Lobo – The Best of Lobo (1993): On Second Thought

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Born Roland Kent LaVoie, Lobo was quite a visible force in the 70s, having racked up a total of eight chart-topping hit singles during the decade.

Prior to launching a lone-wolf career (apologies for the pun, as Lobo means wolf in Spanish), the Florida native held membership in a few different bands. One group, the Rumours, featured country rock pioneer Gram Parsons and Jim Stafford, who attained fame in the early 70s with wonky tunes like “Spiders and Snakes,” “My Girl Bill,” “Your Bulldog Drinks Champagne,” and “I Got Stoned and I Missed It.”

Focusing on the years 1971-75, when Lobo enjoyed his greatest success, The Best of Lobo (Rhino Records) will not only satisfy the needs of original fans, but will certainly convert newcomers as well. Aside from sporting a clear and direct voice, fringed with an element of yearning that referenced Buddy Holly and the Everly Brothers, Lobo composed songs that struck a universal chord.

While the majority of his musings spoke of relationship struggles, he also excelled at toe-tapping, good time fare, prompting him to share similar traits with contemporaries such as John Denver and Jim Croce.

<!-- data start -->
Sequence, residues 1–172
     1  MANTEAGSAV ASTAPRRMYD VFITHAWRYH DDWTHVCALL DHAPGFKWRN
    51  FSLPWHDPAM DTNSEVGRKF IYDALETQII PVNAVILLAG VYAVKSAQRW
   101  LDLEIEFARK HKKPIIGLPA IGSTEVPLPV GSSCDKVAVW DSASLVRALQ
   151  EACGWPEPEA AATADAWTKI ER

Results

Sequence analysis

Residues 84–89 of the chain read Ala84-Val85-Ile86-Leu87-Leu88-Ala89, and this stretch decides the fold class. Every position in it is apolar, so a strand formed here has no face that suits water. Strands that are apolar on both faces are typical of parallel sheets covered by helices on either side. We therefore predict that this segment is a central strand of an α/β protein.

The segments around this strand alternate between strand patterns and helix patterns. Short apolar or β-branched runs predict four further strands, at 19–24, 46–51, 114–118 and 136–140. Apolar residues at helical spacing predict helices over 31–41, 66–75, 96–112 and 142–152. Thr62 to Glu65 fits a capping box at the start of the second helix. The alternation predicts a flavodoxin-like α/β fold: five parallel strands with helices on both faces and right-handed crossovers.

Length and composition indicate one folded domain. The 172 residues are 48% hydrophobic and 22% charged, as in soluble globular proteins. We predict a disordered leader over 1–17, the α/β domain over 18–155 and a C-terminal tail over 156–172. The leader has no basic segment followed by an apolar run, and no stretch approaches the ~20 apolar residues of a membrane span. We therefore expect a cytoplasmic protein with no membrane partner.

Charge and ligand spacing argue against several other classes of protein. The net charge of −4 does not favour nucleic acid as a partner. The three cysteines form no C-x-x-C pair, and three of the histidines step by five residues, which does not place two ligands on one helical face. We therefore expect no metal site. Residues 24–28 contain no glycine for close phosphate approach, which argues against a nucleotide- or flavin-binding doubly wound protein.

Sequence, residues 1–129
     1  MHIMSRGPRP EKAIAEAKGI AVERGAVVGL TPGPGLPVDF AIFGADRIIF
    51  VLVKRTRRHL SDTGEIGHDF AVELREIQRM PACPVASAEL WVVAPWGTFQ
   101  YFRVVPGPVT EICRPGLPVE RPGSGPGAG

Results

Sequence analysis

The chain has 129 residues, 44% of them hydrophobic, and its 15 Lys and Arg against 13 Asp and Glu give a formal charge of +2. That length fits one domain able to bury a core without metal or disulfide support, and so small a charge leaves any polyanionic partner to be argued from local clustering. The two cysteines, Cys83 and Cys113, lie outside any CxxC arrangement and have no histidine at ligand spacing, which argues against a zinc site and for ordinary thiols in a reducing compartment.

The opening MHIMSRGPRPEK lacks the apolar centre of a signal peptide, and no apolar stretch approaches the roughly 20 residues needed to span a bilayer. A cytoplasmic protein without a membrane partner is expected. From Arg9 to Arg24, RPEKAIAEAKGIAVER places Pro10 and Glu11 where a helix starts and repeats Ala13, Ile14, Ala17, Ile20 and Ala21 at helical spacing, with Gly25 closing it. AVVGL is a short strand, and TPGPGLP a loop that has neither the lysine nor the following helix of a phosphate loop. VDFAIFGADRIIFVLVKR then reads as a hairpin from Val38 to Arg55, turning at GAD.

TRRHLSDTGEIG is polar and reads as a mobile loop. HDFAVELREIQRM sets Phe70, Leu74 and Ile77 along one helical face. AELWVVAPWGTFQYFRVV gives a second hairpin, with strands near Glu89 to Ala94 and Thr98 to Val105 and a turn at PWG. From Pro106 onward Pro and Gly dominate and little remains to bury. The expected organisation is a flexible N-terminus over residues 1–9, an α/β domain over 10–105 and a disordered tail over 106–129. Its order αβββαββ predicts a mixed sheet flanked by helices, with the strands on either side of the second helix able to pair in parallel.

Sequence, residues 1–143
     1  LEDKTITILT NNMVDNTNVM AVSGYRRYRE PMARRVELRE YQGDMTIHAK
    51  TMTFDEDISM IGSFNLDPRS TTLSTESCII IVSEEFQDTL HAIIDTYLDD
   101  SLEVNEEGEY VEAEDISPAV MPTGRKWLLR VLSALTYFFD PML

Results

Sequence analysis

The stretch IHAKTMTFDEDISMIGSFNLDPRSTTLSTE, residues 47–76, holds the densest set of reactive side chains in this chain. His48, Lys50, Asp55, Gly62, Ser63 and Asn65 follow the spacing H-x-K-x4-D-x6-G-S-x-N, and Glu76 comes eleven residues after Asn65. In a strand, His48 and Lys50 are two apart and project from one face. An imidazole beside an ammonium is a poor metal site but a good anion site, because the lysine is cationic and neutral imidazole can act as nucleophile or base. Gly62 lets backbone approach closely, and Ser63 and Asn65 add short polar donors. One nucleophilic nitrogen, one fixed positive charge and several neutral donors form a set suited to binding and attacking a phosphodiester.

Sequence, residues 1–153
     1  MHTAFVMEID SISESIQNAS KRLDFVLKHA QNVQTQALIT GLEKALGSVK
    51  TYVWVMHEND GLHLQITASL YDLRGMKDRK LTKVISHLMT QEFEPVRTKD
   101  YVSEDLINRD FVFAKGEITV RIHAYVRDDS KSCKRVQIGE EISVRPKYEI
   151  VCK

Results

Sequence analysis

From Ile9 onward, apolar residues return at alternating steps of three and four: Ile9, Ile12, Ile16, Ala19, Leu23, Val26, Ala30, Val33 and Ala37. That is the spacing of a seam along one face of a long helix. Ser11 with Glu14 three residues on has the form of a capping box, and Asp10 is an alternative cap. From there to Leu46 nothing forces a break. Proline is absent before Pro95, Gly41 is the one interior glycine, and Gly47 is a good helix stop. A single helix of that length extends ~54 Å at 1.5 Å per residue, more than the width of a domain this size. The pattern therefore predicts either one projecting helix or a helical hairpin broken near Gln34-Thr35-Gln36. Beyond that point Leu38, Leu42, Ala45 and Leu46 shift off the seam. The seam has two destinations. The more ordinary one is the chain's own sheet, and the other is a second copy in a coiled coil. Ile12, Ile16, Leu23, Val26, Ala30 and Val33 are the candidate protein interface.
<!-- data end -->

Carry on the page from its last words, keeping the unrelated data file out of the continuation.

Organized in order by release date, The Best Of Lobo shines a bright light on the singer-songwriter’s specialty for fusing commercial pop aspirations with country and folk underpinnings. Stamped with just enough twang to honor Lobo’s roots and just enough twinkle and polish to bait AM radio devotees, “Rings,” “There Ain’t No Way,” “Standing at the End of the Line,” and “Me and You and a Dog Named Boo” mix cozy coffeehouse vibes with mainstream measures to an ear-pleasing aftermath.

On a glossier level, there’s the mournful narrations of “Don’t Expect Me To Be Your Friend,” “It Sure Took a Long, Long Time,” and “I’d Love You to Want Me,” while “She Didn’t Do Magic” stutters to a groovy rhythm, and the memoir-minded “Rock and Roll Days” swaggers clumsily to a creaking beat, accompanied by a zippy Chuck Berry-meets-Scotty Moore-styled guitar solo.

Lobo penned spiffy songs, sang them with sincerity and strummed a fine guitar, so it’s no wonder he cracked the airwaves, particularly in an era when this kind of music was in vogue. But as The Best of Lobo demonstrates, he definitely had talent and substance. If there’s any artist due for reassessment, it’s Lobo.

Beverly Paterson

Beverly Paterson

Beverly Paterson was born the day Ben E. King hit No. 4 with "Stand By Me" -- which is actually one of her favorite songs, especially John Lennon's version. She's contributed to Lance Monthly and Amplifier, and served as Rock Beat International's associate editor. Paterson has also published Inside Out, and Twist & Shake. Contact Something Else! at reviews@somethingelsereviews.com.
Beverly Paterson
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